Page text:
Hurricane Survival Guide: Food safety tips

USDA's advise: 'When in doubt, throw it out'

Photo by Scott Olson/Getty Images

Meat, poultry, fish and eggs should be refrigerated at or below 40 degrees Fahrenheit, and frozen food should be kept at or below zero degrees.  

When the power goes out, the refrigerator will keep food safely cold for about four hours if unopened, according to the U.S. Department of Agriculture's Food Safety and Inspection Services. A full freezer will maintain the temperature for about 48 hours and about 24 hours if half full --- if the door is not opened.

If you think power will be out for an extended period of time, buy dry or block ice to keep the fridge or freezer cold. Freeze containers of water and gel packs to help keep food cold if the power goes out. Freeze items you don't need immediately. 

USDA experts advise that as soon as the power returns residents need to check the temperature inside of the refrigerator and freezer. Put thermometers in your refrigerator and freezer. If they are still at safe temperatures, your food should be fine. Never taste food to determine its safety. 

Store nonperishable foods on higher shelves to avoid flood water. Do not eat any food that may have touched flood water and sanitize pots and pans, dishes and utensils with 1 table spoon of bleach for every gallon of water. Discard food that is not in waterproof containers or in damaged cans.

The FoodKeeper app has storage times listed, it is free and it's available for Android and Apple devices. 

You will have to evaluate each item separately. Use this chart as a guide:

Food Categories

Specific Foods

Still contains ice crystals and feels as cold as if refrigerated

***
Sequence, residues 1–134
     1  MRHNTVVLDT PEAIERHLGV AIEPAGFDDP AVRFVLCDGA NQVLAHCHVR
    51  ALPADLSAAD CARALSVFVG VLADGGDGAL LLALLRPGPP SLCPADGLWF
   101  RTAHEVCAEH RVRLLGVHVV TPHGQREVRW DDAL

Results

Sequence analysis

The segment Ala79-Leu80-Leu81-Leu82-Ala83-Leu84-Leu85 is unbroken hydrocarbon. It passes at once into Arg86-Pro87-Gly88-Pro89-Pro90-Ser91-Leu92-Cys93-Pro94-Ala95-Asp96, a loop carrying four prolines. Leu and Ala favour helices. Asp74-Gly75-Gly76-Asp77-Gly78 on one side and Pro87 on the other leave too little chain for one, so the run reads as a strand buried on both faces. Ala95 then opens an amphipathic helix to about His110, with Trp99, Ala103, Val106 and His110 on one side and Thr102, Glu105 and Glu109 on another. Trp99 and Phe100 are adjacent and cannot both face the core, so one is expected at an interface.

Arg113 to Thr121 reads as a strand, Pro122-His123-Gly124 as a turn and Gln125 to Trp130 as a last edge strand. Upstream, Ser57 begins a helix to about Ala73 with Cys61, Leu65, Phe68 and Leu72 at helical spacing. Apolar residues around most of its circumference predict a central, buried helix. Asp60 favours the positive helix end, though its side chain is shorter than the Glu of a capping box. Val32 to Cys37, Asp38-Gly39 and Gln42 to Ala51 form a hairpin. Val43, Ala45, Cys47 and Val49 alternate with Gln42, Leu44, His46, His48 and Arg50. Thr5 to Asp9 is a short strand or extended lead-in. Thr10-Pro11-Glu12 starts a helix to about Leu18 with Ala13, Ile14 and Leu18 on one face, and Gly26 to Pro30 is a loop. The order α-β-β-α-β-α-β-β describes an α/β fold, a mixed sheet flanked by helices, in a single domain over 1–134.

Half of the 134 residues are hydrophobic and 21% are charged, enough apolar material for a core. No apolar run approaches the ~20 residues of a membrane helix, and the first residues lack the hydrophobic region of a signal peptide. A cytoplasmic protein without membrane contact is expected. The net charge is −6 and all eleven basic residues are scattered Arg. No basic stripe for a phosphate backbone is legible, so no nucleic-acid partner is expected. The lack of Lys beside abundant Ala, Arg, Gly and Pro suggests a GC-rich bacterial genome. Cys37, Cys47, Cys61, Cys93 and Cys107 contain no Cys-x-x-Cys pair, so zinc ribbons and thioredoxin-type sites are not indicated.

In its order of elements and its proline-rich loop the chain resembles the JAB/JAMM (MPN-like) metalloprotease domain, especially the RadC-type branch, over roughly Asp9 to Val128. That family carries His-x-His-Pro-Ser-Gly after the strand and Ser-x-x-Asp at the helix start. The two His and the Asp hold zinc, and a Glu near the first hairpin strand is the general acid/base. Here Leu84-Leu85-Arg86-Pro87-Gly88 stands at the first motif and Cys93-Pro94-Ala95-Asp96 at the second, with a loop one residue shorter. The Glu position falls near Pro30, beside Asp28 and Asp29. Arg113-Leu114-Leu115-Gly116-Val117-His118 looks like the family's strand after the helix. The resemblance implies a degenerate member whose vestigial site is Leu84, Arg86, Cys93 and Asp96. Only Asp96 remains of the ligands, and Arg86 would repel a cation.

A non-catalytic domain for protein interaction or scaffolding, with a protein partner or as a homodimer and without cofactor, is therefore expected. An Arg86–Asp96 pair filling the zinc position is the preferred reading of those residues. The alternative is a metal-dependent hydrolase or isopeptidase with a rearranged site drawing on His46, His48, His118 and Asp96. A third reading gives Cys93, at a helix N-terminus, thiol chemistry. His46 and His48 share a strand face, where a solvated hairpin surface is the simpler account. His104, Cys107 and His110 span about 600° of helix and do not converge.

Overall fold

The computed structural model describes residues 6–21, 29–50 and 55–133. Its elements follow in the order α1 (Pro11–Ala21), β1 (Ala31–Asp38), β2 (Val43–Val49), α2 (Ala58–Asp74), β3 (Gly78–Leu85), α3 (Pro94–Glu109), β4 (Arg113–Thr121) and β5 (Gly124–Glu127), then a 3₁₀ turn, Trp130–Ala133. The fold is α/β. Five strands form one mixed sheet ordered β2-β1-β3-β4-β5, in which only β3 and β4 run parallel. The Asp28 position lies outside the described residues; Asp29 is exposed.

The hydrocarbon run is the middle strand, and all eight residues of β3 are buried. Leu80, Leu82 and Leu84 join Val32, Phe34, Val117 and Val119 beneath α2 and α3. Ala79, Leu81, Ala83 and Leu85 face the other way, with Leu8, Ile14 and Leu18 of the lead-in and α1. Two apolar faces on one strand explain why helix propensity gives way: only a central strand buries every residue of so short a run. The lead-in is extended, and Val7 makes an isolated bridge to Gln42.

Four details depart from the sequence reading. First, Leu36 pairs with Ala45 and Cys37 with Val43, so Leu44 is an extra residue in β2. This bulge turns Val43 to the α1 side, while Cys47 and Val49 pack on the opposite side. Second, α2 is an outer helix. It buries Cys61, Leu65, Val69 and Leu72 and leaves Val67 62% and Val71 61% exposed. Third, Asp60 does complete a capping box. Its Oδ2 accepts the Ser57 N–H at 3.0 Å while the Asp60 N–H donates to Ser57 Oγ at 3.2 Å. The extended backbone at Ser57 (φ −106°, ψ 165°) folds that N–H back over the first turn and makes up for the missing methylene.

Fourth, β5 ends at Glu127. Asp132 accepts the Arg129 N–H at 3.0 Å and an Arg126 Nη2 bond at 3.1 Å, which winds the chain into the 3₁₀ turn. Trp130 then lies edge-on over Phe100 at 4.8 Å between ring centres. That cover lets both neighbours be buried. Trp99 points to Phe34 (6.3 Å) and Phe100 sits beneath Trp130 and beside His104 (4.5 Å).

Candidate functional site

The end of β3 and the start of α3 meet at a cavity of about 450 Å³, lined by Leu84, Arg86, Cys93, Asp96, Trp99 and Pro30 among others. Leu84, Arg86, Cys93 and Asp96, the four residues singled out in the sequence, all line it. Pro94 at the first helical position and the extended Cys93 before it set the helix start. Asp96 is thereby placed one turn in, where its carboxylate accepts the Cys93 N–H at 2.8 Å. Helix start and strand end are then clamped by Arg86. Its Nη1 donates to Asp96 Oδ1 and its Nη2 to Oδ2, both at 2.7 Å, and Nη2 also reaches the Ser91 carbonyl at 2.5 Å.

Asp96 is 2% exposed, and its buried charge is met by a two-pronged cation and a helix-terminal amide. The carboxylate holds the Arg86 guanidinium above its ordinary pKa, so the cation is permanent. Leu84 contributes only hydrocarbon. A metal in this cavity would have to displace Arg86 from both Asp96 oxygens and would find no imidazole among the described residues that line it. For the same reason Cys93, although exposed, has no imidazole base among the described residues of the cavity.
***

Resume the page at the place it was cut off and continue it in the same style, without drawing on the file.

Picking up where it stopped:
Thawed and held above 40 °F for over 2 hours

MEAT, POULTRY, SEAFOOD

Beef, veal, lamb, pork, and ground meats

Refreeze

 

Discard

Poultry and ground poultry

Refreeze

 

Discard

Variety meats (liver, kidney, heart, chitterlings)

Refreeze

 

Discard

Casseroles, stews, soups

Refreeze

 

Discard

Fish, shellfish, breaded seafood products

Refreeze. However, there will be some texture and flavor loss.

Discard

DAIRY

Milk

Refreeze. May lose some texture.

Discard

Eggs (out of shell) and egg products

Refreeze

Discard

Ice cream, frozen yogurt

Discard

Discard

Cheese (soft and semi-soft)

Refreeze. May lose some texture.

Discard

Hard cheeses

Refreeze

Refreeze

Shredded cheeses

Refreeze

Discard

Casseroles containing milk, cream, eggs, soft cheeses

Refreeze

Discard

Cheesecake

Refreeze

Discard

FRUITS

Juices

Refreeze

Refreeze. Discard if mold, yeasty smell, or sliminess develops.

Home or commercially packaged

Refreeze. Will change texture and flavor.

Refreeze. Discard if mold, yeasty smell, or sliminess develops.

VEGETABLES

Juices

Refreeze

Discard after held above 40 °F for 6 hours.

Home or commercially packaged or blanched

Refreeze. May suffer texture and flavor loss.

Discard after held above 40 °F for 6 hours.

BREADS, PASTRIES

Breads, rolls, muffins, cakes (without custard fillings)

Refreeze

Refreeze

Cakes, pies, pastries with custard or cheese filling

Refreeze

Discard

Pie crusts, commercial and homemade bread dough

Refreeze. Some quality loss may occur.

Refreeze. Quality loss is considerable.

OTHER

Casseroles – pasta, rice based

Refreeze

Discard

Flour, cornmeal, nuts

Refreeze

Refreeze

Breakfast items –waffles, pancakes, bagels

Refreeze

Refreeze

Frozen meal, entree, specialty items (pizza, sausage and biscuit, meat pie, convenience foods)

Refreeze

Discard

 

Hurricane Survival Guide

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